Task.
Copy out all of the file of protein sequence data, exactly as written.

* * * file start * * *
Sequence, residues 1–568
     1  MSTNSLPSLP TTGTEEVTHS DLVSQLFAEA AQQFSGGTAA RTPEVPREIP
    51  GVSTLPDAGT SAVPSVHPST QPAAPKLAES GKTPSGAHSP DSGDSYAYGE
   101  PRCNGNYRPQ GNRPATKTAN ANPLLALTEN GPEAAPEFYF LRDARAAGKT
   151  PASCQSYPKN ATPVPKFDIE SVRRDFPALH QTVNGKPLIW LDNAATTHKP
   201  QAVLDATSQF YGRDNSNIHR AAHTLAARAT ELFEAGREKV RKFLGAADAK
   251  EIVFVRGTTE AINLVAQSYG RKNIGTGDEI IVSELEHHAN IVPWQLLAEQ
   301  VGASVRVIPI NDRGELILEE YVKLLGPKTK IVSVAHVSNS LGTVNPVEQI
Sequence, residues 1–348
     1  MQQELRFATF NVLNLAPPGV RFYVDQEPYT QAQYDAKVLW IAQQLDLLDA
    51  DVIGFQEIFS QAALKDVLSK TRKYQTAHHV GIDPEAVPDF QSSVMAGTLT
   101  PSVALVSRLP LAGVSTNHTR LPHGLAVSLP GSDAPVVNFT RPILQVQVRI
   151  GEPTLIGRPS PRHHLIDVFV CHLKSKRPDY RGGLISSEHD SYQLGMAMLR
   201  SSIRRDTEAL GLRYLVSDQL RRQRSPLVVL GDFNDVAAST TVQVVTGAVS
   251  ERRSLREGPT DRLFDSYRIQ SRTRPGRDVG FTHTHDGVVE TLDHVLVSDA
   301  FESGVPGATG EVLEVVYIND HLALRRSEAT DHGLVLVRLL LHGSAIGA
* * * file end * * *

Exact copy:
Sequence, residues 1–568
     1  MSTNSLPSLP TTGTEEVTHS DLVSQLFAEA AQQFSGGTAA RTPEVPREIP
    51  GVSTLPDAGT SAVPSVHPST QPAAPKLAES GKTPSGAHSP DSGDSYAYGE
   101  PRCNGNYRPQ GNRPATKTAN ANPLLALTEN GPEAAPEFYF LRDARAAGKT
   151  PASCQSYPKN ATPVPKFDIE SVRRDFPALH QTVNGKPLIW LDNAATTHKP
   201  QAVLDATSQF YGRDNSNIHR AAHTLAARAT ELFEAGREKV RKFLGAADAK
   251  EIVFVRGTTE AINLVAQSYG RKNIGTGDEI IVSELEHHAN IVPWQLLAEQ
   301  VGASVRVIPI NDRGELILEE YVKLLGPKTK IVSVAHVSNS LGTVNPVEQI
Sequence, residues 1–348
     1  MQQELRFATF NVLNLAPPGV RFYVDQEPYT QAQYDAKVLW IAQQLDLLDA
    51  DVIGFQEIFS QAALKDVLSK TRKYQTAHHV GIDPEAVPDF QSSVMAGTLT
   101  PSVALVSRLP LAGVSTNHTR LPHGLAVSLP GSDAPVVNFT RPILQVQVRI
   151  GEPTLIGRPS PRHHLIDVFV CHLKSKRPDY RGGLISSEHD SYQLGMAMLR
   201  SSIRRDTEAL GLRYLVSDQL RRQRSPLVVL GDFNDVAAST TVQVVTGAVS
   251  ERRSLREGPT DRLFDSYRIQ SRTRPGRDVG FTHTHDGVVE TLDHVLVSDA
   301  FESGVPGATG EVLEVVYIND HLALRRSEAT DHGLVLVRLL LHGSAIGA